In the contemporary landscape it’s not unusual to encounter exhibitions online. These could be artworks made for the digital space or not, but what takes place when we look at these artworks? Does the experience differ from the one that occurs within the four walls of the gallery?
It would be all too easy to impose a dichotomy on the situation, to state that the difference is one of physical and non-physical space. However that neglects the fact that the visitor to this online exhibition still navigates this world from a physical space. They hold a tablet, laptop or a mouse, these physical means are their ways of directing and processing the digital exhibition space.
To view an online exhibition is to enter a liminal space. Is the viewer fully engaging in the act of looking or does the mediation of technology alter this act? One exhibition that is currently online is on the website of Michael Hoppen Gallery. Entitled ‘Passing Time’ the exhibition is a collection of photographs by anonymous photographers. Aside from having no artist’s name attached to their works, these photographs all show people at leisure. These images are joyous and totally captivating. One particular photograph, ‘Walter Hunchake’, shows a man leaping into water. He is forever falling, captured in a moment of surrender. Does the act of scrolling change the way we view the work?. Instead of walking from photograph to photograph, seeing a work from a far and then approaching, the viewer swipes or clicks. Of course ‘Passing Time’ raises additional questions than other online exhibitions, because the works on show are analogue. They are analogue photographs transposed onto a digital realm. The grain of the analogue photograph combines with the digital grain.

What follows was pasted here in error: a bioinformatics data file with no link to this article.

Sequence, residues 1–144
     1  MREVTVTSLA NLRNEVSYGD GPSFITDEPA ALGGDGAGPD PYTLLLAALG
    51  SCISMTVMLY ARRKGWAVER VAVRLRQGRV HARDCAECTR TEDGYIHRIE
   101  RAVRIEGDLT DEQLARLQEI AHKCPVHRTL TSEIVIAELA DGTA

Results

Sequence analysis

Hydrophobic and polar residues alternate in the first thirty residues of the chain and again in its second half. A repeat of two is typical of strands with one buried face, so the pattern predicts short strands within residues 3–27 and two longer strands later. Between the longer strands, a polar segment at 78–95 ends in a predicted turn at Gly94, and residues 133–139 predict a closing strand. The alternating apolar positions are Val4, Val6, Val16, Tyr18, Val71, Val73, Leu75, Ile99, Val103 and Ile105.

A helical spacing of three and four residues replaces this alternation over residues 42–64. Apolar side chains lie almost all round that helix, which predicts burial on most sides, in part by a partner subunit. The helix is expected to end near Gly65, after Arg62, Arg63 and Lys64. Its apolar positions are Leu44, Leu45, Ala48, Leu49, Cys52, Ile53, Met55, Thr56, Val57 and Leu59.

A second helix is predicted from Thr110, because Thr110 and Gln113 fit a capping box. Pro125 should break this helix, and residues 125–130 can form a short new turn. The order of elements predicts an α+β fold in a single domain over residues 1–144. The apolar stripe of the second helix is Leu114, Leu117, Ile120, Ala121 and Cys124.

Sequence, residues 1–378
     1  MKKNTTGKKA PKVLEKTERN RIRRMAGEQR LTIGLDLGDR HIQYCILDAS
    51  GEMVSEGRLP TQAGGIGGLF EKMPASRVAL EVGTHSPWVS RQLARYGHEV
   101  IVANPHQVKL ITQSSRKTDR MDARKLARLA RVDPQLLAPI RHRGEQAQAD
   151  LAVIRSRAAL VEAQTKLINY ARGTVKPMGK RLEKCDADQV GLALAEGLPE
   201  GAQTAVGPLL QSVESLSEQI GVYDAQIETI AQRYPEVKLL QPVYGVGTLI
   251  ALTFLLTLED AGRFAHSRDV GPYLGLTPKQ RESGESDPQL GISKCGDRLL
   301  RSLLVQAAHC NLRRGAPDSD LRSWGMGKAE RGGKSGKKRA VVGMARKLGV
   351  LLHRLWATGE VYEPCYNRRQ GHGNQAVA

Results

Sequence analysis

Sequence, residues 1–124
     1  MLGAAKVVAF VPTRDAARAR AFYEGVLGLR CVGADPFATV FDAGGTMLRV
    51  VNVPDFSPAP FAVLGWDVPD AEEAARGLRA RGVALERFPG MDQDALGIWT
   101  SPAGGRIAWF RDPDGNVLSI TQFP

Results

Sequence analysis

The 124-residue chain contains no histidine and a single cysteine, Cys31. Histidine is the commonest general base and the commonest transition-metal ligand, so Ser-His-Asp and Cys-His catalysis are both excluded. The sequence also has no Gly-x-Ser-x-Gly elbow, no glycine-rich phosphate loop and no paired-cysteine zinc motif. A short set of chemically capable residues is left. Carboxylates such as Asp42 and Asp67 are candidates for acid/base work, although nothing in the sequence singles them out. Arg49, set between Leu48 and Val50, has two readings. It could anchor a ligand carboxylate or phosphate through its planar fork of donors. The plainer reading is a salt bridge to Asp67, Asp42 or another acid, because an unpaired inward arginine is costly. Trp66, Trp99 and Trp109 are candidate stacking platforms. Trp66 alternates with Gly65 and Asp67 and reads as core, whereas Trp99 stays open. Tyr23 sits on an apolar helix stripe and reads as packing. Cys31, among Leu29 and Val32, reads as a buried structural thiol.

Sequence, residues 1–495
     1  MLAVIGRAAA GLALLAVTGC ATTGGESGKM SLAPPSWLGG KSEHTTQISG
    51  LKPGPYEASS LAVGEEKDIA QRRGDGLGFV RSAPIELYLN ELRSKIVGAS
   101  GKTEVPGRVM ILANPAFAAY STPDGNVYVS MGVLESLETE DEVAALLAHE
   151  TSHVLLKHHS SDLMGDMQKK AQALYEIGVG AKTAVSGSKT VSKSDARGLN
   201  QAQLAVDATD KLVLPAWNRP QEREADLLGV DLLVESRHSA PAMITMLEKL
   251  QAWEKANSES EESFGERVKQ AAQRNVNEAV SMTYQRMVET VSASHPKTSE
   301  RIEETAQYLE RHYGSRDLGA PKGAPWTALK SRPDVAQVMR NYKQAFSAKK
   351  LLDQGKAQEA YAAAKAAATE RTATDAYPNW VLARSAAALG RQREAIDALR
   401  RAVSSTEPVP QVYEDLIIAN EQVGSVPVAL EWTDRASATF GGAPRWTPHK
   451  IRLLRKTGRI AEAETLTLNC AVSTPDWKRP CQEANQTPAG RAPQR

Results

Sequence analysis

With online exhibitions the question of technological mediation always rears its head. The viewer sees the work through a prism. However, when encountering work in a gallery, there is still a system of mediation. The changes is the different level of physicality.
In online exhibitions there is often an attempt to translate the gallery space into a digital site. This can either be a frustrating way of mimicking the space instead of doing something new, or as an anchor, a familiar guide to aid the viewer through new territory. Like exhibitions is the gallery space, this all depends on the aims and direction.
Another gallery, Gazelli Art House, also translates the methods of the gallery into a digital realm. Since 2015, they have played host to a series of digital residencies. This month, artist Ben Wheele, who’s works explore the uncanny nature of the digital age, takes up the mantle. Each four-week residency offers a new way for artist and viewer to interact with digital art. Last month saw Iain Nicholls and Alison Gill navigate the differences between actual space and the space of VR, in a attempt to formulate new ways of making art that navigates digital and traditional.
These spaces are two examples of the viewer’s gaze in the digital realm. There are vast differences in the experiences of online and real world exhibitions. When analogue photography becomes transposed into digital, the prized grain becomes something less tangible. It merges with the digital screen. Although the physical sense of the grain is lost, what unites all online exhibitions is the tactile nature of the experience. This is something new. The viewer’s gaze becomes technologically mediated. The viewer navigates their way through the exhibition, not wholly by sight or bodily relation but by touch. The gaze and the touch become fused. The online exhibition is a process of haptic exploration.